The old adage “What goes up must come down” almost meant the end for a 74-year-old Floridian on the Fourth of July when a stray 9mm bullet that had been shot in the air by a holiday reveler came screaming back to earth in a one-in-a-million direct hit, clipping the sky gazer’s hat and piercing his nose, lip and chin.
The bullet didn’t stop there. It exited his chin and was heading for his chest when it finally was deflected by a silver necklace he just started wearing. Richard Smeraldo, who had been sitting on a lounge chair with his head tilted toward the sky as he watched the fireworks display over the ironically named Safety Harbor, says the necklace saved his life.
The silver medallion necklace, which was a gift from his daughter, was recently inscribed with a favorite Bible verse of his mother’s: “Truly I tell you, if you have faith as small as a mustard seed, you can say to this mountain, ‘Move from here to there,’ and it will move. Nothing will be impossible for you.”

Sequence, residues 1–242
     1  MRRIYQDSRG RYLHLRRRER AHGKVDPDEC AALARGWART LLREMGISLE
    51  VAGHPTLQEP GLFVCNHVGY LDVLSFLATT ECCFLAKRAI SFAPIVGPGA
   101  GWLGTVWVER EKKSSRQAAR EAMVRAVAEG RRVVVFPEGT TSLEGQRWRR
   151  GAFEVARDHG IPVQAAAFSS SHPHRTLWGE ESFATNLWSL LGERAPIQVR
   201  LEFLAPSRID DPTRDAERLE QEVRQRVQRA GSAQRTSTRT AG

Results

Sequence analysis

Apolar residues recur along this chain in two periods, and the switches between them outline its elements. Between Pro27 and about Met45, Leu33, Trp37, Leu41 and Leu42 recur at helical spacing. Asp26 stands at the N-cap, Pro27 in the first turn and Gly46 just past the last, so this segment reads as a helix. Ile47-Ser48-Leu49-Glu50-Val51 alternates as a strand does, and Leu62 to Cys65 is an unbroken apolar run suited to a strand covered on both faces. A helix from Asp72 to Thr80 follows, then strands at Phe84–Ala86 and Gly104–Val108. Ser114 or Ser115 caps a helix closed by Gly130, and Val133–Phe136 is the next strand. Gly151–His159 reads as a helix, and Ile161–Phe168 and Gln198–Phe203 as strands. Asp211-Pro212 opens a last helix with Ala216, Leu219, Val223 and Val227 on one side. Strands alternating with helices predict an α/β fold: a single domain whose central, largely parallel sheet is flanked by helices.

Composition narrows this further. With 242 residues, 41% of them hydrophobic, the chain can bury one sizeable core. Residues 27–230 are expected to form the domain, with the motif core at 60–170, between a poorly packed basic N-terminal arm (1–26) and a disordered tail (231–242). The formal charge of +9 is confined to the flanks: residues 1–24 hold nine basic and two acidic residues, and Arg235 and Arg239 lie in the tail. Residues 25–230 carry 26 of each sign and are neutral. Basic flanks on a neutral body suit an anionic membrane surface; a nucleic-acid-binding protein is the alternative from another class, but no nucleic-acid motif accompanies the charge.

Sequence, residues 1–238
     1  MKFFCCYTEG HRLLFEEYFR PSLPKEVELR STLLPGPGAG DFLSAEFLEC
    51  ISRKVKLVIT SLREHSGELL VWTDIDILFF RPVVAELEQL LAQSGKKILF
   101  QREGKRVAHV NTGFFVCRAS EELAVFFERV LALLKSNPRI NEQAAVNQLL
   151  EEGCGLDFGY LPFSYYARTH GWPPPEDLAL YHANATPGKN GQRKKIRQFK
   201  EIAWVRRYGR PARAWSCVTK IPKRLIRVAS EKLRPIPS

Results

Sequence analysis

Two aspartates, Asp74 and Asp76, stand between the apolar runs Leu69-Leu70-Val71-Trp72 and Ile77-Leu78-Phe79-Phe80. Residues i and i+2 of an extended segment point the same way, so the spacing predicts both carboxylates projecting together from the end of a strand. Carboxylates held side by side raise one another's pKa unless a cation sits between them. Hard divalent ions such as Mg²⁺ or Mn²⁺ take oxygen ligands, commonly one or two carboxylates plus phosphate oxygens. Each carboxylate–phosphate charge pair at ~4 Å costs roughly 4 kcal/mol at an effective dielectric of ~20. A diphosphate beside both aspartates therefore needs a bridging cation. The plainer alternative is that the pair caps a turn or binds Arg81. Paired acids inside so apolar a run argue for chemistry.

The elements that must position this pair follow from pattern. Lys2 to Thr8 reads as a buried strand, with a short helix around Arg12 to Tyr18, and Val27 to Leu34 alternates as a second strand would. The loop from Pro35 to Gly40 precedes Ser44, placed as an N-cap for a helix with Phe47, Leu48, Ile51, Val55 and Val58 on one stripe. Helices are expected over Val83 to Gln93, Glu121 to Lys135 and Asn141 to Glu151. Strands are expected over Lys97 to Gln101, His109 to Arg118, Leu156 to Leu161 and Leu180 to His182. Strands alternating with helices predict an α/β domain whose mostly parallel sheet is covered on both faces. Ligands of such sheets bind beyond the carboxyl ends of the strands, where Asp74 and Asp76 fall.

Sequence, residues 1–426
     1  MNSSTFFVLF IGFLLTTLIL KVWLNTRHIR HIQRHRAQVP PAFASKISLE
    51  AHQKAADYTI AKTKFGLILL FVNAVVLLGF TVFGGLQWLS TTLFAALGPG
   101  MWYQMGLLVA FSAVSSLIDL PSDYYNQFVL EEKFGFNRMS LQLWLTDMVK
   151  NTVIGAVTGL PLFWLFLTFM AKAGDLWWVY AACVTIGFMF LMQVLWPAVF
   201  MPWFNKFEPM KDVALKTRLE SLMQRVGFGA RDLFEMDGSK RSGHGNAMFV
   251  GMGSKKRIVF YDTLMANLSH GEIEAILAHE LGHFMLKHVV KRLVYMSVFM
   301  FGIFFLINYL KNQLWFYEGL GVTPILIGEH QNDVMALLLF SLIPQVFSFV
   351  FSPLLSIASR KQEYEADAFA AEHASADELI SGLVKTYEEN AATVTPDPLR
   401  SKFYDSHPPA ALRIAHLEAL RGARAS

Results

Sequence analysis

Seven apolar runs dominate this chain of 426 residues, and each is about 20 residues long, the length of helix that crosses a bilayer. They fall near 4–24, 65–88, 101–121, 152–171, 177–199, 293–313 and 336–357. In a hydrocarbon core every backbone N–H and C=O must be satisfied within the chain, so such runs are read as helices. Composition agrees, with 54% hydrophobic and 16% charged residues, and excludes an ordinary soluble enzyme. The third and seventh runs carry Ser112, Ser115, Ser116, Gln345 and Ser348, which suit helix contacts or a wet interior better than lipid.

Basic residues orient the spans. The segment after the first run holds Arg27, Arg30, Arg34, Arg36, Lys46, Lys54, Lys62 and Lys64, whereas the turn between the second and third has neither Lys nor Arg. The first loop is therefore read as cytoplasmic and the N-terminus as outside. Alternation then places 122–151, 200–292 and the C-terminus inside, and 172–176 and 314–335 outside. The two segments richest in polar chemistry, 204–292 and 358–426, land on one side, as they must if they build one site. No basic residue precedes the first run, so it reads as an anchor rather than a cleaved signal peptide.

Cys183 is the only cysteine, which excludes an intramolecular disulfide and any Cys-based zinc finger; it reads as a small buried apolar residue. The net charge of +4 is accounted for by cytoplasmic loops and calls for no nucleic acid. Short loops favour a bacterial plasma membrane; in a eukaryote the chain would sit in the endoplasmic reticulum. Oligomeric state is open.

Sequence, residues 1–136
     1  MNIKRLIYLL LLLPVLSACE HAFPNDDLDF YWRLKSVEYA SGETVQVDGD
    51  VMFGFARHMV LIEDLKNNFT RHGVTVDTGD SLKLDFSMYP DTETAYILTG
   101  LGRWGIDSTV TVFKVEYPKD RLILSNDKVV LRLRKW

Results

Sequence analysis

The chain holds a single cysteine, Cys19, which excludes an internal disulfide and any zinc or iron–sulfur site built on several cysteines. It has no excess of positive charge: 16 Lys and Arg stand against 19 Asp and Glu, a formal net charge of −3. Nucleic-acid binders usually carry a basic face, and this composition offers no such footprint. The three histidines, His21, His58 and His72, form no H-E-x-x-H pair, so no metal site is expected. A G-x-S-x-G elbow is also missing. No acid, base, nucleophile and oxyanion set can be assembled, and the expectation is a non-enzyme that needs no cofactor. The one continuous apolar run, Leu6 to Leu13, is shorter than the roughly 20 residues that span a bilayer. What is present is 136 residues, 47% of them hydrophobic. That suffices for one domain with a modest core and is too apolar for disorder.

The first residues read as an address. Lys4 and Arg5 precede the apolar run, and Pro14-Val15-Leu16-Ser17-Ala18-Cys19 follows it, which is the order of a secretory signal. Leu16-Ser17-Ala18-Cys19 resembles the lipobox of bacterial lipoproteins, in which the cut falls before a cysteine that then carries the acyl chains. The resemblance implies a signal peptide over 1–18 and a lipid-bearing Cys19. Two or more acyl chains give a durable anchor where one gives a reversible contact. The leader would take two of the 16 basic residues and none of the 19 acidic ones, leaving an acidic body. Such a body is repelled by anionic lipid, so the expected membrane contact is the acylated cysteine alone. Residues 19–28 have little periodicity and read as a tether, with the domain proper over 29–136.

Smeraldo said the impact was like getting hit in the face with a big rock or a baseball bat. “It smacked me in the nose, like, really with a lot of force,” he explained. “Hits my nose here, comes off the side, goes through my nostril, comes out here, splits my nose right here, hits this lip, goes through my chin.”
The bullet could have done more damage, but was amazingly deflected by his dog-tag medallion. The bullet split the stainless steel chain in two. The shocked and bleeding Smeraldo wasn’t sure what hit him until a friend found the 9mm bullet on the blanket beside them.
His minor injuries required only a few stitches to repair. “If I’d been leaning a little more forward,” Smeraldo told ABC News, “I could be gone right now.” Smeraldo calls his good fortune a miracle.
“So, thank you mom,” he said, looking up at the sky. “I had four people tell me, ‘You better go get a lotto ticket, you know.'”
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